PhD studentship: Do climate-active gases sustain bacteria in Australian tropical rainforest soils?

The Hernández lab at the University of East Anglia is looking for a PhD student to study the distribution and activity of trace gas oxidizers in Australian rainforest soils. 

Supervisory Team: Dr Marcela Hernández, Prof Colin Murrell, Dr Chris Greening and Dr Falk Hildebrand


Atmospheric trace gases are important drivers of climate change. Some, such as methane have a direct impact on global warming, whereas others, such as carbon monoxide (CO) and hydrogen, have important secondary effects on the atmospheric chemistry that drives climate change. Some soil microorganisms consume these trace gases, removing significant amounts from the atmosphere. This process has not been investigated in tropical ecosystems despite their high biodiversity and elevated trace gas levels. To resolve this, this PhD project will investigate the microbial oxidation of atmospheric trace gases in the Wet Tropics Rainforest, Australia, the oldest continually surviving tropical rainforest worldwide. The student will isolate and characterise hydrogen- and CO-oxidising bacteria belonging to the Chloroflexi, as well as aiming to isolate the first methane-consuming bacteria from the Gemmatimonadotes. Related to the objectives of this PhD programme, we will develop methods for measuring real-time atmospheric trace gases that serve to capture information on evolving trends in carbon emissions, climate impacts, and their drivers using cutting-edge techniques. While revealing feedback mechanisms relevant to climate change amid the growing impacts of deforestation and global warming on rainforests, this project will improve the understanding of the productivity, biodiversity, and biogeochemistry of rainforest ecosystems.

The project 

The student will determine how bacteria can oxidise climate-active gases in tropical rainforests. Soil incubations will be performed, and trace-gases will be measured. The student will be trained in cutting-edge tools for isolation of microbes, whole-genome sequencing, metagenomics, and bioinformatics.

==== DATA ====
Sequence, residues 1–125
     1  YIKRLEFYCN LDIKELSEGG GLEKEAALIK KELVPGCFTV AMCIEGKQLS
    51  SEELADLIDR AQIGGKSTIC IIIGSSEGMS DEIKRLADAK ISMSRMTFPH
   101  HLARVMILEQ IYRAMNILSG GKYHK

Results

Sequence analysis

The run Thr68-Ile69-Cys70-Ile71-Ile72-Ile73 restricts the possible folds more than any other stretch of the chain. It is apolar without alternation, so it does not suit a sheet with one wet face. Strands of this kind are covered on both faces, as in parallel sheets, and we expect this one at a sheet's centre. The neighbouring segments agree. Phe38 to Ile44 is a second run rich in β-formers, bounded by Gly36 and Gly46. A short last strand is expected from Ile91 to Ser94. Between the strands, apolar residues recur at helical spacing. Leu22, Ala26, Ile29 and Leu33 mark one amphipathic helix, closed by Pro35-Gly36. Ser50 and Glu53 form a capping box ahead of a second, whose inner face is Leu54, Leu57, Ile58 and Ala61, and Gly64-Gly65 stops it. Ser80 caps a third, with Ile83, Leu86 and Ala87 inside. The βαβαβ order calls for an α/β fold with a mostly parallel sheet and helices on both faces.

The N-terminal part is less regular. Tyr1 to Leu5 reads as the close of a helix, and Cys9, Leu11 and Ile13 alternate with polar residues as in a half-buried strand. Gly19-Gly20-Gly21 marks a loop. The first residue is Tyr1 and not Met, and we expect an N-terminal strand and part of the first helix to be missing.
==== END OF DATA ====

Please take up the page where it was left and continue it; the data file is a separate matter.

The student will receive training in experimental design and data analyses, and will learn molecular microbial techniques (e.g. DNA sequencing and whole genome sequencing). Specific training will include the cultivation of soil bacteria, whole genome sequencing and (meta)genomic analysis. The student will present their results at lab meetings, departmental seminars, and at national and international conferences.

Person specification

We are looking for a pro-active, highly motivated student willing to join sampling campaigns in Australian rainforest and participate in outreach events. The candidate should have a background in Microbial Sciences (BSc/Masters in Soil Microbiology, Environmental Microbiology, Biogeochemistry, Molecular biology, Bioinformatics or similar).

Successful candidates will be awarded a 4-year studentship covering tuition fees, maintenance stipend, funds to support the research project and associated training. Additional funds are not available to assist with relocation or visa costs.

This project has been selected for the Critical Decade for Climate Change programme, funded by the Leverhulme Trust. Shortlisted applicants will be invited to online interview, to be held late February/early March 2022. The start date is 1 October 2022.

Further information
Further information may be obtained from Dr Marcela Hernández at

Please do not send applications to this e-mail address; follow the electronic application and submission procedure as explained below.

Please submit your online application no later than 19 January 2022.

 More information:

Application deadline:
Start date:
Location: Norwich, UK